"This specific Lightning cable allows for cross-platform attack payloads, and the implant I have created is easily adapted to other USB cable types," the hacker known as MG was quoted as saying.

"Most people know not to plug in random flash drives these days, but they aren't expecting a cable to be a threat," he added. MG made the cables himself, modifying real Apple cables to include the implant. He now wants to get the cables produced as a legitimate security tool.

 
 
 



Amid protests, hundreds of flights cancelled from Hong Kong airport


Amid protests, hundreds of flights cancelled from Hong Kong airport

Hong Kong: Almost 200 flights out of the Hong Kong International Airport (HKIA) were cancelled on Tuesday, a day after thousands of anti-government protesters swarmed into one of the terminals of the airport, one of the world's busiest, causing massive disruption and flight cancellations.

At least 180 outbound flights have been cancelled, the airport said in a statement on its website. "Hong Kong International Airport will implement flight rescheduling today (Tuesday) with flight movements expected to be affected," Efe news quoted the statement as saying.

"Please confirm the flights before heading to the airport," it added. Airlines including Cathay Pacific have asked passengers to postpone non-essential travel from Hong Kong and not proceed to the airport unless they have a confirmed booking.

Meanwhile, scenes of long lines and crowds continued to be seen on Tuesday morning at the airport, which struggled to recover from the protests a day earlier, during which demonstrators sought to draw attention to what they consider police brutality while trying to disperse protests in the city.

However, by Tuesday morning, only a few protesters could be seen remaining inside the airport's terminals.This development comes after the city witnessed the 10th consecutive weekend of demonstrations sparked off by the government's controversial extradition bill that was later shelved by Hong Kong Chief Executive Carrie Lam after coming under intense popular pressure.

The controversy surrounding the now-defunct extradition bill, which would have enabled fugitives to be transferred from Hong Kong to mainland China to stand trial under the latter's opaque legal system, has morphed into a broader movement seeking to reverse a decline in freedoms in the ex-British colony.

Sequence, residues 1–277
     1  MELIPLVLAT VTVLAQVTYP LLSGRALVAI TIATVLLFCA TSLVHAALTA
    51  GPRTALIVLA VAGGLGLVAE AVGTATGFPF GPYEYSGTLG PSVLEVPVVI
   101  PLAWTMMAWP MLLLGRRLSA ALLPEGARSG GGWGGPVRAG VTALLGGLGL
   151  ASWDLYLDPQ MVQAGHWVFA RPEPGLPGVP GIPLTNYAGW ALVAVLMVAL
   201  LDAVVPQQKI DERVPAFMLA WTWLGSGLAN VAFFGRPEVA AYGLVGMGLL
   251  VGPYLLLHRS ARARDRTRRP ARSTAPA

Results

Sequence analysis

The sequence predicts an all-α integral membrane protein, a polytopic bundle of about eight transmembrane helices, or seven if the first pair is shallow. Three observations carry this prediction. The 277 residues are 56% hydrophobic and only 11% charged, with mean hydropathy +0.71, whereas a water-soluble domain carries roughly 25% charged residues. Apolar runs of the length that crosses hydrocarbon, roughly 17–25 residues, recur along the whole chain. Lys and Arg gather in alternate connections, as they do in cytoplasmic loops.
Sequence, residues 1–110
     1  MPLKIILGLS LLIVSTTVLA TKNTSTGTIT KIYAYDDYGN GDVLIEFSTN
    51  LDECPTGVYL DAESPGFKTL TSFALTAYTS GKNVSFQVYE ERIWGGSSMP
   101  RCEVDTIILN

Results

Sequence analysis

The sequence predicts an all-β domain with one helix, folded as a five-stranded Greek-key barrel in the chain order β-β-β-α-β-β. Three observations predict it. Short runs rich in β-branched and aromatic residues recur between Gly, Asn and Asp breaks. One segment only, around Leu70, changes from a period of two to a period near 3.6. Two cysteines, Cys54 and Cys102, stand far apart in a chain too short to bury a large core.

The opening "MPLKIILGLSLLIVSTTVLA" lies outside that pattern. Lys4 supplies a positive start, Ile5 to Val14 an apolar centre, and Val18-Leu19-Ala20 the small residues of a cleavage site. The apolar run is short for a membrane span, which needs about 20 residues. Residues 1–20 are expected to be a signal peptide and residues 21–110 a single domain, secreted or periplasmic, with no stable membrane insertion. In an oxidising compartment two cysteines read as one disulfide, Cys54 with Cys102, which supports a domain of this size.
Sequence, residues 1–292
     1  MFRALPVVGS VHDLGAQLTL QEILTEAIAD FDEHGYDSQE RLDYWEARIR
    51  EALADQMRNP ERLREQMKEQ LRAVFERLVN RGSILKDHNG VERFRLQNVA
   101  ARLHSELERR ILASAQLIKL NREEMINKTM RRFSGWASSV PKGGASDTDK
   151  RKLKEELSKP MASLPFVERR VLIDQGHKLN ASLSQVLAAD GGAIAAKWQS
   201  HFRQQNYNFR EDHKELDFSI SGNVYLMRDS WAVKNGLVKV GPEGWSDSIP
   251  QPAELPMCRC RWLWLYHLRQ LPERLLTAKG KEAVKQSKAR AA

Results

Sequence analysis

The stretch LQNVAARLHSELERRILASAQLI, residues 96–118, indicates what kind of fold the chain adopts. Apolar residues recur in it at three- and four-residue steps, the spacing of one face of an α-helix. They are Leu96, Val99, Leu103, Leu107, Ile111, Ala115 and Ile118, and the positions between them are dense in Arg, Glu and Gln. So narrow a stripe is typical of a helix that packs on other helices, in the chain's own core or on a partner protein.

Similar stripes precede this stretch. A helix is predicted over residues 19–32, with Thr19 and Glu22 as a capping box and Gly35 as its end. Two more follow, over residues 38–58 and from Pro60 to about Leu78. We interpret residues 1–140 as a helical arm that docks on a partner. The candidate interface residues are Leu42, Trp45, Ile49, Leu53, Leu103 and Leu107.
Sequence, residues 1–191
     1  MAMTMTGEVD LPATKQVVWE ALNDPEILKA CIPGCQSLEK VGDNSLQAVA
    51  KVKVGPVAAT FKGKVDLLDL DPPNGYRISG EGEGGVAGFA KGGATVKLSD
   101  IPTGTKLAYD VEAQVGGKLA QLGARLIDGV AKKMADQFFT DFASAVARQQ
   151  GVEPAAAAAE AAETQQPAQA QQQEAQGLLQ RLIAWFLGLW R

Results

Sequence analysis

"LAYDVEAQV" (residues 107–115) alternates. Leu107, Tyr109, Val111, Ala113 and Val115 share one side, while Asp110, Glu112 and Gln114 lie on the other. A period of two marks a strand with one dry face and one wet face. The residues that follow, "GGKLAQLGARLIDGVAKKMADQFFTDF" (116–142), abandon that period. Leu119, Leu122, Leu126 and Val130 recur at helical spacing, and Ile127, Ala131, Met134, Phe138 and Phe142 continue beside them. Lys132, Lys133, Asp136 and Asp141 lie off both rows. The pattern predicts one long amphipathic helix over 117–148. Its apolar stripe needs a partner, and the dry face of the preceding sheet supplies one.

However, violence between the police and some of the demonstrators has been on the rise with the succession of protest marches. On Sunday, an unknown number of police officers were injured after protesters threw Molotov cocktails at them.

A former British colony, Hong Kong passed to Chinese sovereignty in 1997, although it still retains a degree of independence from Beijing.

According to the handover deal between London and Beijing, this political system - which includes certain legal freedoms not recognized in mainland China - must be preserved until 2047.

But many protesters viewed the controversial extradition bill - which was declared "dead" by the Hong Kong government in early July - as an attempt by China to meddle in Hong Kong's affairs.

 
 
 



Kashmir: China voices concern


Kashmir: China voices concern

Beijing: Voicing serious concern over the situation in Kashmir, China on Tuesday asked India and Pakistan to exercise restraint and avoid actions that "unilaterally" change the status quo and exacerbate tensions between the two countries.

"China is seriously concerned about the current situation in Kashmir," Foreign Ministry spokesperson Hua Chunying said in a written response to media queries about the militaries of India and Pakistan exchanging fire along the Line of Control and the Indian government's move to revoke Article 370 which gave special status to Jammu and Kashmir.

"China's position on the Kashmir issue is clear and consistent. This issue is a legacy of history between India and Pakistan, which is also the consensus of the international community," Hua said, without directly referring to revocation of Article 370 by India.

"The parties concerned should exercise restraint and act with caution, especially to avoid actions that unilaterally change the status quo and exacerbate the tension," she said.

By K J M Varma

 
 
 



Racism exists but improving in Singapore


Racism exists but improving in Singapore

Singapore: Racism exists in Singapore but the situation is “much better than before” and improving over the years, Home Affairs Minister K Shanmugam said on Sunday, in the wake of a controversial video by two Indian-origin YouTubers in response to a recent "discriminatory" advertisement by an e-payment website.

Shanmugam's comments on Sunday came after Preetipls, whose name is Preeti Nair, and her brother Subhas Nair apologised "unconditionally" over a video they created and starred in to call out a NETS E-Pay advertisement for being discriminatory.

The Nair siblings have been in the spotlight over the video, which featured vulgar language and questioned the use of "brownface" in the ad.

By Gurdip Singh




Pakistan will respond to any ‘misadventure or aggression’ by Indian forces: Imran Khan


Pakistan will respond to any ‘misadventure or aggression’ by Indian forces: Imran Khan

Islamabad: Pakistan Prime Minister Imran Khan on Sunday said that Pakistan will respond to any "misadventure or aggression" by Indian forces against it.

Chairing the National Security Committee meeting in Islamabad, Imran Khan alleged that India has used "cluster bombs" on civilians along the Line of Control and called on the UN Security Council to take note of the "international threat to peace and security". He said that Pakistan "will always stand with Kashmiris and will not be deterred from its just stance based on United Nations Security Council's resolutions and aspirations of Kashmiri people".